Ingram Micro starts tech fair tour in Great White North

May 14, 2008 by Dave Haynes

The first of three digital signage technology days that Ingram Micro is running around the country this month went off in Toronto yesterday, with maybe 100 people or so taking in a bunch of show and tells with vendors, and then moving around a micro trade show.

There is another one next week in Vancouver, and the following week in Montreal.

I was among the speakers allowed to spout nonsense and tell my captors about my masters shiny pots and pans. Among the others: Alchemy, Samsung, eK3, Ergotron and ICG. Ingram did this last fall, with the idea of educating resellers and people coming into the space.

Among the stuff that was interesting to me – Samsung is rolling out a new LCD panel that has just an 11 mm bezel, which for you non-metric Luddites is maybe a 7/16s of an inch and means tiling a few of these together in a videoi wall doesn’t look butt-ugly, like it does with conventional, much wider bezels.

They are also releasing commercial panels that come in somewhat sexier high-gloss piano black finish, and ones that have TV tuners and speakers, something normally the domain of consumer grade displays.

EK3 announced some sort of digital signage in a box thingdoodle aimed at the small to medium business market, but I had to be somewhere else in the building as that went on. It’s an interesting move, as the London, Ontario-based company is more known for chasing big enterprise accounts.

The fair was my first chance to hear about Internet Connectivity Group, or ICG, which has been doing the trade show circuit making noise about a solution that combine mobile broadband connectivity and audio/video over the wireless spectrum to get digital signage into locations.

The premise is 3G/4G mobile broadband is now well established in North America and the rates are at a point where it is an affordable and hassle-lite alternative (when compared to the well-documented horrors of working with phone companies to get DSL in) for getting high speed in place for new networks.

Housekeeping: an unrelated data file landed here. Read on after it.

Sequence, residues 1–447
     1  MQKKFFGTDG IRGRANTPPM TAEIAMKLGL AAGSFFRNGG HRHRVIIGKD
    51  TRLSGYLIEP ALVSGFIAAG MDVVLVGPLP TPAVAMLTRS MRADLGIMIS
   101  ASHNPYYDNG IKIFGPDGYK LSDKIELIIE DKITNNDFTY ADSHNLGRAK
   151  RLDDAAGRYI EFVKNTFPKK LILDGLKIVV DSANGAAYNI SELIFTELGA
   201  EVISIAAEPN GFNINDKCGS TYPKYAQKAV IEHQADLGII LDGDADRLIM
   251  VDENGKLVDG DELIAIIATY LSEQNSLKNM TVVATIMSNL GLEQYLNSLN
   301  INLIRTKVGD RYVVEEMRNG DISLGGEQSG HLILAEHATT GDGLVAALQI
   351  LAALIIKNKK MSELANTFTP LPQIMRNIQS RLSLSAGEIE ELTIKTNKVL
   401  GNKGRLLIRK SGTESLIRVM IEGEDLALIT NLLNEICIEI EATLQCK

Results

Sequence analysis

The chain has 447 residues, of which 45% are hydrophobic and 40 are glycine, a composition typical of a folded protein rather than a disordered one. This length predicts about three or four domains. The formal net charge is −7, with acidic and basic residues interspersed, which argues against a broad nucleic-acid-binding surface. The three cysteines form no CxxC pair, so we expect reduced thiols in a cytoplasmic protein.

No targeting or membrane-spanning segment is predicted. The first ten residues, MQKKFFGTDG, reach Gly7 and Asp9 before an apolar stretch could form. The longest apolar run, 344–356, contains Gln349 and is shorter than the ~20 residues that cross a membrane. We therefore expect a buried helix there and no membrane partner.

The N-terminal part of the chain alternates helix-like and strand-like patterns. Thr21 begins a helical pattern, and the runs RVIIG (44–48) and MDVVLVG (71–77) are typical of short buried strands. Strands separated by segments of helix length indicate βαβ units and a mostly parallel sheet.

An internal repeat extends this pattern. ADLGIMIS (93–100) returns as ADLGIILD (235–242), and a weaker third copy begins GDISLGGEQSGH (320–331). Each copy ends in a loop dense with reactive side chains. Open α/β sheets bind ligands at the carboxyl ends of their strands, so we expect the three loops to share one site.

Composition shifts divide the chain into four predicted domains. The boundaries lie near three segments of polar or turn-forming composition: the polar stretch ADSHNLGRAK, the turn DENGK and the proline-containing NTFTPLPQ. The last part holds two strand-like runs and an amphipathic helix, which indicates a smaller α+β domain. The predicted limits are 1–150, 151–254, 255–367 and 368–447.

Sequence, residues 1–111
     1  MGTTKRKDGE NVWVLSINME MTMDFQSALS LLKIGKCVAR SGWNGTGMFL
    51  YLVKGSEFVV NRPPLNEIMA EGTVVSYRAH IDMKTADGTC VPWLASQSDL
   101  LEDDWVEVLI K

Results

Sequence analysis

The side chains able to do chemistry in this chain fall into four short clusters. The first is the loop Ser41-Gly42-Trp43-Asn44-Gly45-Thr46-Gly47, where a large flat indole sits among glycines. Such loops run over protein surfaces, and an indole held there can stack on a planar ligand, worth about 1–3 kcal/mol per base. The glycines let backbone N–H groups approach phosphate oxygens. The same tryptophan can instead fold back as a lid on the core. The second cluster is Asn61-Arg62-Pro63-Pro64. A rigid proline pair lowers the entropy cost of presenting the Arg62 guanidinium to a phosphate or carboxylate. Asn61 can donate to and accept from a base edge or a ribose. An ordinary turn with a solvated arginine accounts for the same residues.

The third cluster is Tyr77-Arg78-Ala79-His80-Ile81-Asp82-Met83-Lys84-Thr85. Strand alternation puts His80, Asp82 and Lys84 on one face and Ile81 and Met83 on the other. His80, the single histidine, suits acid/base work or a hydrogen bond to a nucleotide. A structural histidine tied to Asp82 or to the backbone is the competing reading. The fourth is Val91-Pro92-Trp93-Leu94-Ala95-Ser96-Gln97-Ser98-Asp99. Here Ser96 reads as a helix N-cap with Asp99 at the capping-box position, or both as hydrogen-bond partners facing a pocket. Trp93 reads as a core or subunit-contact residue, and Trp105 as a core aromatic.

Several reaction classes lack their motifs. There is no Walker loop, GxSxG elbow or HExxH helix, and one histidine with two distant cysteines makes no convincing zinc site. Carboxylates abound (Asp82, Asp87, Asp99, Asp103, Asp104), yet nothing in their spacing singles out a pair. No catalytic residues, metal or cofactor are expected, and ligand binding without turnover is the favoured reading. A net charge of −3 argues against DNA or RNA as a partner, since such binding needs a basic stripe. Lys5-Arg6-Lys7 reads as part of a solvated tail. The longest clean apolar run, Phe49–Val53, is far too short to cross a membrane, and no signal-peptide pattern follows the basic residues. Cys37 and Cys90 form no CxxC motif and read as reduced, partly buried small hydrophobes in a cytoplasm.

There is then a box on site that sends the signal output from the media player engine around to screens using audio/video over wireless, with ICG saying 1080P is good to a radius of 150 feet and 720P to 200 feet.

Now, this is in perfect conditions and just like wireless networking, actual performance depends a lot of environmental conditions. They had a demo running, which looked fine, but the real test is seeing this stuff working in public deployments with lots of walls and fixtures and metal and other wireless things happening in the building. If it’s solid, touchdown. If it’s shaky or intermittent, it’s a no-go.

The box that runs all this has a PC, WiFi router and wireless AV transmitters all built in. The signal is received by what they call ViFi Adapters. The notion is that PC in this unit has the horsepower to also run  a third-party DS playout software application.

The box is a big mother, which would leave me a little concerned when it comes to deploying in retail – where space is often limited and perilous. But if that’s not a biggie, this is an interesting alternative for companies looking to deploy rapidly, knowing cable and DSL broadband are not good options. Data plans in the US are low enough that this sort of thing can compare favorably with more conventional broadband.

Not really so in Canada, however, where the people who sell data plans have eyepatches and parrots on their shoulders, and say “Arrrr!” a lot.

ICG COO Gordon Davidson, when asked about the challenge of trying to build business in Canada, said he was negotiating a deal with one carrier up here that would see unlimited for about $120 a month.

Now for anyone here in the tundra who has had their wireless bills delivered by forklift, $120 doesn’t sound too bad in relative terms. It is still more than DSL, cable or Wimax, but not crazily so.

But compare this to the US, where Sprint will sell you unlimited for $50.  THAT’S the price point at which mobile broadband gets really attractive, but whether Canada’s wireless carriers will ever see fit to get near those rates is a big open question.

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